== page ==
Up until this point all the metrics I mentioned only took into account whether a model’s prediction was correct or not. But many classification models output a probability of a sample being positive or negative, and there are metrics and diagnostic tools that leverage that.

### ROC Curve/AUC score

One popular way to measure performance of a classifier that outputs probabilities is a ROC curve. ROC stands for Receiver Operating Characteristic which probably doesn’t help much in explaining how it works or what it means.

ROC curve is a plot. On the Y-axis it has the **True Positive Rate** of a model: out of all samples that were positive,
how many the model classified as positive?

On the X-axis it has the **False Positive Rate**: out of all the samples that were actually negative, how many the model
confused for positive?

If you’re asking yourself, why is it a curve and not a dot? That’s a good question! This is where the probabilities as output of a model come to play. When we have a model that outputs a probability of example belonging to a class, there’s always a probability threshold, by default 50%, that serves as a decision boundary for the prediction. If the probability of belonging to class 1 is higher than 50%, then we’ll predict class 1. But we can change this threshold! We can decide to predict that a sample belongs to a positive class only if the probability of that is higher than, say, 80%. But if we do that, the number of TP, FP, TN and FN will change. Why? If we had a sample of positive class that was previously predicted to be positive with only 65% probability, it will now become a false negative.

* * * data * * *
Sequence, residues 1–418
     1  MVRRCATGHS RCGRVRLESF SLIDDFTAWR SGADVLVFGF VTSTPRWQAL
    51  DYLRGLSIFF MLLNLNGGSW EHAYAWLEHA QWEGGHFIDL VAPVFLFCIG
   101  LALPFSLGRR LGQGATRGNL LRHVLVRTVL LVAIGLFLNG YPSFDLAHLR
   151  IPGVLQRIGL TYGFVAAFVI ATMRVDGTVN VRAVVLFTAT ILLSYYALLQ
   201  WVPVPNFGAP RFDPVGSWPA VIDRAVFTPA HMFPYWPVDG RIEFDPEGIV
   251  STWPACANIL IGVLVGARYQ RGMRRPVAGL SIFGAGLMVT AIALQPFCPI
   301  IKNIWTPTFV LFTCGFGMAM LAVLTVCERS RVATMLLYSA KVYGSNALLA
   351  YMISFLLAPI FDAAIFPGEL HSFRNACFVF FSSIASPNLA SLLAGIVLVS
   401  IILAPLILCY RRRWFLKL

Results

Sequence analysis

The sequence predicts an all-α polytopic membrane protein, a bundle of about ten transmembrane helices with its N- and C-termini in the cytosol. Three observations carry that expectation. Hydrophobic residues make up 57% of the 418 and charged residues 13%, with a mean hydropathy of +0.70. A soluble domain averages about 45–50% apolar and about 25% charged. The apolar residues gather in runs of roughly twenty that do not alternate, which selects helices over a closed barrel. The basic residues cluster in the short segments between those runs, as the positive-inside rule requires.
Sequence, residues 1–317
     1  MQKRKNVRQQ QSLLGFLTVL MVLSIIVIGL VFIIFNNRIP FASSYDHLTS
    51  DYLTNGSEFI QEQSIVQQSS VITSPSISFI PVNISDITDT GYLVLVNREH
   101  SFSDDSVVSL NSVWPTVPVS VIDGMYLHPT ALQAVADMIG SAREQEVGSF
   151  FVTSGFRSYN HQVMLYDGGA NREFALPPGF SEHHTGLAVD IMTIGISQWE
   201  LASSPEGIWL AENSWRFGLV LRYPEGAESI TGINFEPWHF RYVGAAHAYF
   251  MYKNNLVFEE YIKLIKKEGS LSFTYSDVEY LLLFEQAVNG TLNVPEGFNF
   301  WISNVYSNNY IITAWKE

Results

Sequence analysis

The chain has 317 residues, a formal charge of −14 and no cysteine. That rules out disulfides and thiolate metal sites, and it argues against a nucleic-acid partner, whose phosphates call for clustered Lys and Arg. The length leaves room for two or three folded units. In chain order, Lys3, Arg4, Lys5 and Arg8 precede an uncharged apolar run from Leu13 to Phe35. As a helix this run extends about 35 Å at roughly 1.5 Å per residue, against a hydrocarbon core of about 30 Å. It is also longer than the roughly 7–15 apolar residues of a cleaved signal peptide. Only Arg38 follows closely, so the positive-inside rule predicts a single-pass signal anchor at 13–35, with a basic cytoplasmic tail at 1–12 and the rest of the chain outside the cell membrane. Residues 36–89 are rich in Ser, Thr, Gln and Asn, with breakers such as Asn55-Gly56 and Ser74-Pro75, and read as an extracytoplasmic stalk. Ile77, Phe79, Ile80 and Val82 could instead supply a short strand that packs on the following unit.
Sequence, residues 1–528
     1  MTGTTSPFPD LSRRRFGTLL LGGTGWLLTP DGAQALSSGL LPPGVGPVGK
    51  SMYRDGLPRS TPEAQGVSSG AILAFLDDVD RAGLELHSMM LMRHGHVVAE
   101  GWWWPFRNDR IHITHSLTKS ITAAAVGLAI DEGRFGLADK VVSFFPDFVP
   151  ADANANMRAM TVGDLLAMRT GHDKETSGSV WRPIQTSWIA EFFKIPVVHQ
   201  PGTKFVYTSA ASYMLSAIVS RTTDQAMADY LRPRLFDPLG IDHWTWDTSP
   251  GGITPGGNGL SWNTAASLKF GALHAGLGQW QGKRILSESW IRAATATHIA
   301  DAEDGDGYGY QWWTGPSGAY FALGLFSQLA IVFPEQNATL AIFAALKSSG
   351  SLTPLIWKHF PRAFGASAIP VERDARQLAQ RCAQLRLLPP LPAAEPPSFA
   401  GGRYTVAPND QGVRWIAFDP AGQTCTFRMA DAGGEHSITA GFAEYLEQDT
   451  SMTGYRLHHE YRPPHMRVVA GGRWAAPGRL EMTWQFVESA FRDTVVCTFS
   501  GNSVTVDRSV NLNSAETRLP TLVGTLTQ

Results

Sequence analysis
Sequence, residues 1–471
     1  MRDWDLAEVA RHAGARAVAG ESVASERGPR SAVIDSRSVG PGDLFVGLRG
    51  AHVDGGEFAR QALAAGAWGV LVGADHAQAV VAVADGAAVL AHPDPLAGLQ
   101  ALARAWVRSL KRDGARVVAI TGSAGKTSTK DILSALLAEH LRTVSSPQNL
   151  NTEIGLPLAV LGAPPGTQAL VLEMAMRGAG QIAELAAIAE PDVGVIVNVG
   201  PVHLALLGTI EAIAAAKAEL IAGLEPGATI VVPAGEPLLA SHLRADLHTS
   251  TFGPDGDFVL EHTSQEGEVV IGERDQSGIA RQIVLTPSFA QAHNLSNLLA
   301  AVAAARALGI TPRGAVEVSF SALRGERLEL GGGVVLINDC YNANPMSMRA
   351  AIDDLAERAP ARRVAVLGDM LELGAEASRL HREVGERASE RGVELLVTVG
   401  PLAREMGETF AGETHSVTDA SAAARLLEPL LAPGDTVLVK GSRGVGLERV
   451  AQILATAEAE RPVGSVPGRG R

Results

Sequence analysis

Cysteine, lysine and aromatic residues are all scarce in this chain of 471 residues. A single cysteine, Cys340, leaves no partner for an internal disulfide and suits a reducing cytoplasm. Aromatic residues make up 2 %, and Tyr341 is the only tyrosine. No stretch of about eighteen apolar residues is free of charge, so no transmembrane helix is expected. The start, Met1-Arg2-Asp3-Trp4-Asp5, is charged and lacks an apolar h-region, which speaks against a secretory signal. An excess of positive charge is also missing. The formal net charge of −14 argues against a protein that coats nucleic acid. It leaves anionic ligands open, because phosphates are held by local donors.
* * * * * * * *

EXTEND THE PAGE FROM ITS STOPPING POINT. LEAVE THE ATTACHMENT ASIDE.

So what ROC curve represents is all the combinations of True Positive Rate and False Positive Rate as we change the probability threshold. Each dot on the plot corresponds to these rates at a certain probability threshold.

The next reasonable question would be - ok, what would be a “good” curve? To understand this, I find helpful to think of what would ROC curve look like in a perfect case where there’s a threshold that allows the model to split the classes without making mistakes. In this unrealistic scenario, at that threshold, the True Positive Rate will be equal to 1 (as we won’t have any false negatives), while the false positive rate will be 0 (no false positives). As we move the threshold one way or the other, one of those rates will remain the same, but the other will change:

The resulting ROC curve will be “glued” to the upper left corner of the plot. So, in practice, we want the ROC curve to be as close to that corner of the plot as possible.

Now, we could compare different models by plotting their ROC curves, but it still would be more convenient in many cases to have a single number metric for comparison. The evaluation metric that helps in this case is AUC score.

AUC stands for **Area Under Curve** and it is simply the percentage of the plot box that lies under the ROC curve. The